“It’s something that we must take very seriously,” said CAIR-Chicago executive director Ahmed M. Rehab. “CAIR-Chicago is very disturbed by this news. The Muslim community is disturbed. People of conscience are disturbed. We’ve called police to investigate it, and to prosecute it as a hate crime, because that’s what it is.”
A stabbing at the Champaign train station this week is not a hate crime, according to the charges filed by the state’s attorney’s office. But an advocacy group disagrees. Amina Sharif, spokeswoman for the Chicago chapter of the Council on American-Islamic Relations, said Thursday it’s important to discourage prejudice.
CBS 2’s Roseanne Tellez says Arab Americans are told to check white for race. But for many of the estimated four million Arab-Americans – that doesn’t seem to be telling the whole story.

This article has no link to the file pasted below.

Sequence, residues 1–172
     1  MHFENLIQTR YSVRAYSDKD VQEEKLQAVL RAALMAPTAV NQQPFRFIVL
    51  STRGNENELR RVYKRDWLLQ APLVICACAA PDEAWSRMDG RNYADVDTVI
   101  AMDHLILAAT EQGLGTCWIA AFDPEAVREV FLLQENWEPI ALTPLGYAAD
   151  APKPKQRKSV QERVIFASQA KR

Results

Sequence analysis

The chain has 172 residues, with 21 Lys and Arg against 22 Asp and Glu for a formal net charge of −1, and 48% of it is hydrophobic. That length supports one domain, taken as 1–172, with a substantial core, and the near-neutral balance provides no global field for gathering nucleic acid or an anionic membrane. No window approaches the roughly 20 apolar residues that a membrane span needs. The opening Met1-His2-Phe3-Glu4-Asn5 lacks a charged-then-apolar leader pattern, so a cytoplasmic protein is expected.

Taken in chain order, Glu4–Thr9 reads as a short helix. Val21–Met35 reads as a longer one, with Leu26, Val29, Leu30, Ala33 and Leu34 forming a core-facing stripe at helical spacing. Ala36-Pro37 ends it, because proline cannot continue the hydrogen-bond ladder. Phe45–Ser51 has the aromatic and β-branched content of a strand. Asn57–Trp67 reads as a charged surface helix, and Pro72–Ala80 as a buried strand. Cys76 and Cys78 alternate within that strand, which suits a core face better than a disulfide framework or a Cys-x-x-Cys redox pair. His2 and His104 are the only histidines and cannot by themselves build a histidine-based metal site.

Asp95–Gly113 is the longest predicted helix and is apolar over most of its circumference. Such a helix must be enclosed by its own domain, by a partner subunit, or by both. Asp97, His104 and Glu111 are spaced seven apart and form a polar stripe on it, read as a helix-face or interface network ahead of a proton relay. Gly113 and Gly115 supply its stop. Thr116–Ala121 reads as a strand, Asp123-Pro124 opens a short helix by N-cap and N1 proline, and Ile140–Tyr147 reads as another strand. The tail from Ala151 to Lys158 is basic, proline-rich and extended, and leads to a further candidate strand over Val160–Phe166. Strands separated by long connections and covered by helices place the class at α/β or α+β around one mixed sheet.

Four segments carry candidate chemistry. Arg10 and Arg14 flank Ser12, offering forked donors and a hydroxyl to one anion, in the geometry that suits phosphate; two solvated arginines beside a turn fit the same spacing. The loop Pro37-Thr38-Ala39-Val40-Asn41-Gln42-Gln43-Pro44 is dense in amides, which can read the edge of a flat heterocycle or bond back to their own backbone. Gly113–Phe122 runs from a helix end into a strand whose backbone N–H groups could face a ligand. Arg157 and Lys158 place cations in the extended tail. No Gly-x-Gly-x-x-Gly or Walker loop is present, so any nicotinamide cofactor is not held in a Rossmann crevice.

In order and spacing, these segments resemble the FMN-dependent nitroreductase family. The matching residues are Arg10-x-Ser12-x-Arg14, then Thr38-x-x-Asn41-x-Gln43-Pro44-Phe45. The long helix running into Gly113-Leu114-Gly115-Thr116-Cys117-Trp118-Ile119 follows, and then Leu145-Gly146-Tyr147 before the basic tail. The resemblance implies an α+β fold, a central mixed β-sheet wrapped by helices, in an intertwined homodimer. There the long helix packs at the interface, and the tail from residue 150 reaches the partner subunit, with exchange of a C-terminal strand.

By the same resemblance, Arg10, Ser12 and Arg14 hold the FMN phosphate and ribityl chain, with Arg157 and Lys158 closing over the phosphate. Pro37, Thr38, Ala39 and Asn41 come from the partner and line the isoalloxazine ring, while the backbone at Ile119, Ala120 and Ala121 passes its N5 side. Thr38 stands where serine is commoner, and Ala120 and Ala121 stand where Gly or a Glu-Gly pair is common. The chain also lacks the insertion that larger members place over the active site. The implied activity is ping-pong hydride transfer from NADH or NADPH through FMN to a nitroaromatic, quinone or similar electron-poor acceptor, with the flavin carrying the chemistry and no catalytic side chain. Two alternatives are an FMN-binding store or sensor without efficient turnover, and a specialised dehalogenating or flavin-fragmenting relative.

Reema Ahmad is with the Council on American Islamic Relations. She says the most important thing, is civic duty. Especially since some Arab pockets of the city had low participation for the last census.
Amina Sharif, spokeswoman for the American-Islamic council, said she was unsure why this most recent fatwa, or religious ruling, has received so much attention. While she thinks it is important for community members to be outspoken in their disapproval of violence, she said it is only half the battle. “We can condemn terrorism every day in our mosques,” Sharif said. “But if no one’s communicating that to the public it’s not happening.”
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